Tag Archives: First Corinthians 15.31

Where is Christ today?

Searching for Jesus artBaby Jesus is on display.  Well, he is somewhere around here.  Maybe Jesus is under the Christmas tree.  Hopefully, he was not trampled under foot of one of the reindeer.  Has anyone seen Jesus?

In America’s capitalization and commercialization of his birth, it is easy to lose Jesus, to not only forget the reason but the person altogether.  We can lose him in the festivities, lose sight of him in the ribbons, bows and wrapping paper.  With so many people to plan for, we can forget to make room for Jesus.

The noise of commercial after commercial about discounts and “sales you won’t find anywhere else” can easily drown him out.  It might seem like a better deal, a better option. We sit in front of the television and decide not to talk to him at all.

In your life, where is Christ and how do you know that he is there?  Did you see him, greet him personally?  Did you make eye contact with him or rush past him to get out of the rain or the cold, to get ahead of your schedule or to get ahead in life?  Because Christ does slow us down.

Dying to self for the sake of Christ is a slow process.  The Apostle Paul says that it is a daily funeral, daily digging and dying, every day digging and dying (First Corinthians 15.31).  How many grave markers do you have?  Thinking about death might seem strange when we are celebrating the birth of Christ.  But, it shouldn’t because Christ came to die.  He came into the world to save sinners (First Timothy 1.15).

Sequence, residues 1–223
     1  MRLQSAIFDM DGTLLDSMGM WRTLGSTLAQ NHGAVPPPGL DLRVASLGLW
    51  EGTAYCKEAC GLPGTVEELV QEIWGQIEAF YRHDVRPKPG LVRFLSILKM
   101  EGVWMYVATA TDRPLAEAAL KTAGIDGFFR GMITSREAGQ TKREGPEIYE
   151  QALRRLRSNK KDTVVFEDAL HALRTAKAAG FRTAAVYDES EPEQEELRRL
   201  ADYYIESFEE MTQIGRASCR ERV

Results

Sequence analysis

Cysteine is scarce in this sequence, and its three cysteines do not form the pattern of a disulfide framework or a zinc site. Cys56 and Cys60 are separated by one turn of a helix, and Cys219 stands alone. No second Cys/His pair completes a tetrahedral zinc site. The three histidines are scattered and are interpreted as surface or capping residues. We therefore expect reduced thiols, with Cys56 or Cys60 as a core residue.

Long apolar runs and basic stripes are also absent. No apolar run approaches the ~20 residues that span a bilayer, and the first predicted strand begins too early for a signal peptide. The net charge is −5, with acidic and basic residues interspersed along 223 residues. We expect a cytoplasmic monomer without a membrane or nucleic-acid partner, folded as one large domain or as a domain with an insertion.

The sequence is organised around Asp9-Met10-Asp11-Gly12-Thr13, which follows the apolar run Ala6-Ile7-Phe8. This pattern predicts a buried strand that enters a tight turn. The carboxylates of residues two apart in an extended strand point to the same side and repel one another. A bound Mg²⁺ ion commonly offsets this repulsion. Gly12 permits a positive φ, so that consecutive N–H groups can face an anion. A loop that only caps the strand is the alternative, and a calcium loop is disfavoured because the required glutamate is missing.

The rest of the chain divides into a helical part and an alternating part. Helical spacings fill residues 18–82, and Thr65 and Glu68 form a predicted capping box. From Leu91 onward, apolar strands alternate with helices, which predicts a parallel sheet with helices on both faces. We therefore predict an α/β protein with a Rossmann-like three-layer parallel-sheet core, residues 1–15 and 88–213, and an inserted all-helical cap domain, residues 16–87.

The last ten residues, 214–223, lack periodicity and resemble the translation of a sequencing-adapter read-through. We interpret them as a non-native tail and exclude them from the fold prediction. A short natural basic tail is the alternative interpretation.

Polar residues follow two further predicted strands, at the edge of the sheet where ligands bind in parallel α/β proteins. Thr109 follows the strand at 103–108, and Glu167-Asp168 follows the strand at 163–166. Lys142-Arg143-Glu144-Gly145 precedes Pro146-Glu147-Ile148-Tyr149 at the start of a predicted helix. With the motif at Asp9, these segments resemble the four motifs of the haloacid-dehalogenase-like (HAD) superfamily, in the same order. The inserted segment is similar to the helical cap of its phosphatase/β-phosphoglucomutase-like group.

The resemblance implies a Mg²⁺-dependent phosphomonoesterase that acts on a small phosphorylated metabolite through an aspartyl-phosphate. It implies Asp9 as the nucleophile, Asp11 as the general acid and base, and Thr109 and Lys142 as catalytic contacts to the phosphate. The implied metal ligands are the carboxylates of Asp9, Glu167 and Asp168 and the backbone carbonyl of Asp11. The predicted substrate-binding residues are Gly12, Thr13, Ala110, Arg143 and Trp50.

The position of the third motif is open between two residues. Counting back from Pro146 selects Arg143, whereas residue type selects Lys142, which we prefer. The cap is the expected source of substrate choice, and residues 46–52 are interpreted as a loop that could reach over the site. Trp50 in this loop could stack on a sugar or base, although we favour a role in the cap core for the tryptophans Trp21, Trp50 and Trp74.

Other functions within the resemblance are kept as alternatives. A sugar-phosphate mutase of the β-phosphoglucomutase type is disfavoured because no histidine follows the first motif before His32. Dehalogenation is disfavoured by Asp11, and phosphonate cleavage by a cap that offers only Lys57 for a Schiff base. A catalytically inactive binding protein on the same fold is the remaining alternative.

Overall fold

Where Christ is, there is a cross.  This is the cost of discipleship.  But, there is also the power of his resurrection.  This is the way to abundant life.

As we reflect on the God who came to us in Person, without substitute or hesitation, remember to look for Christ, to seek his presence in your life, to not only follow in his foot steps but to look for his footprints, to mark the trail of the Divine in your life.  This is my prayer for you and for me.

Race is Too Shallow

“A sure way of retaining the grace of heaven is to disregard outward appearances, and diligently to cultivate such things as foster amendment of life and fervour of soul, rather than to cultivate those qualities that seem most popular.”

Thomas à Kempis, The Inner Life

“The cross, therefore, is always ready; it awaits you everywhere. No matter where you may go, you cannot escape it, for wherever you go you take yourself with you and shall always find yourself. Turn where you will—above, below, without, or within—you will find a cross in everything, and everywhere you must have patience if you would have peace within and merit an eternal crown.”
― Thomas à Kempis, The Imitation of Christ

9d65f9378c5b1555d2d9323b6917ff15It’s all about the flesh and how we see it.  Race is not in conversation with God but with other human beings.  Race is comparing our externals and once we change the texture of our hair, the shape of our eyes, the size of our nose, the shape of our lips, the social coloring of our skin, then what?  After we have done all that race says and become who race says is worthy, what’s next?  Are we are deemed socially acceptable?